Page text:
North Korea to US threat: the marching goes on even when dogs bark
North Korean Foreign Minister Ri Yong-ho has brushed aside US President Donald Trump’s recent threat to “totally destroy” North Korea if Washington is forces to.
“There is a saying that the marching goes on even when dogs bark,” Ri said on arrival in New York on Thursday, citing a Korean proverb, according to South Korea’s Yonhap news agency.
The reaction came to Trump’s threat to “totally destroy” North Korea, which he made in his first speech to the United Nations General Assembly on Tuesday.
“If he was thinking he could scare us with the sound of a dog barking, that’s really a dog dream,” Ri added.
During his speech, Trump also said that North Korean leader Kim Jong-un was “on a suicide mission for himself and for his regime,” and that if the US was “forced to defend itself or its allies, we will have no choice but to totally destroy North Korea.”
Amid increasing tensions between Washington and Pyongyang, Trump mocked Kim in a tweet last weekend, calling him a “rocket man.”
Reacting, Ri said, “I feel sorry for his (Trump’s) aides.”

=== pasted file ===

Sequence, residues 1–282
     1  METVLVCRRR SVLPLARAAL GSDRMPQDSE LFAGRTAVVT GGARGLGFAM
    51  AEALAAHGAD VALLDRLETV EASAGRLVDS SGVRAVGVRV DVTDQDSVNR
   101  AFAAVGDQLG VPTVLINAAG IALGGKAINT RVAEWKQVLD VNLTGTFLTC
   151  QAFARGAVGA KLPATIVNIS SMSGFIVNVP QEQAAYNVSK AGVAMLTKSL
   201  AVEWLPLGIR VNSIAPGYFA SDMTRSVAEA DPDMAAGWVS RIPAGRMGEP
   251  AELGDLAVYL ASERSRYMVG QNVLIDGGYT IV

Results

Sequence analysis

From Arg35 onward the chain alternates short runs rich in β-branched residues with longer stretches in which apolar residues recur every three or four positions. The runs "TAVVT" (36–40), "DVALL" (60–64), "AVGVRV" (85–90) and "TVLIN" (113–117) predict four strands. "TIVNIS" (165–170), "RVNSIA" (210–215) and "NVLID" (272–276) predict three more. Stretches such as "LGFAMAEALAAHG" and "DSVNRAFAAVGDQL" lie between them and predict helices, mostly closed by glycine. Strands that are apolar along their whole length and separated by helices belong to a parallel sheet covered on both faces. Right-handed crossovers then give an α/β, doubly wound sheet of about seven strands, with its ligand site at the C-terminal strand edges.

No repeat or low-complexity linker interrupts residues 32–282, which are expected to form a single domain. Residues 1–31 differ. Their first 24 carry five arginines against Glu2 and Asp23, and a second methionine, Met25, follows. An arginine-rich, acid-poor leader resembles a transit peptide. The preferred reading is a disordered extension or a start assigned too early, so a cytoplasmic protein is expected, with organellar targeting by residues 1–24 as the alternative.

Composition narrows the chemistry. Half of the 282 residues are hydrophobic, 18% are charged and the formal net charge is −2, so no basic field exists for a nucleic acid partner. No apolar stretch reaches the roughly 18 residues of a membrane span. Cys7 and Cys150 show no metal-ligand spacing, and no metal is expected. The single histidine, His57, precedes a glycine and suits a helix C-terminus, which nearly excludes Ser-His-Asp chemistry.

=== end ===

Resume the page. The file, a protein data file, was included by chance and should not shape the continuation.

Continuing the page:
On Monday, the UN Security Council unanimously voted to adopt new sanctions against North Korea over its missile and nuclear activities. The resolution, drafted by the US, was the eighth against Pyongyang over its ballistic missile and nuclear programs since 2006.
The North Korean leader ordered the production of more rocket warheads and engines last month, shortly after the United States suggested that its threats of military action and sanctions were having an impact on Pyongyang’s behavior.
Pyongyang says it will not give up on its nuclear deterrence unless Washington ends its hostile policy toward the country and dissolves the US-led UN command in South Korea. Thousands of US soldiers are stationed in South Korea and Japan.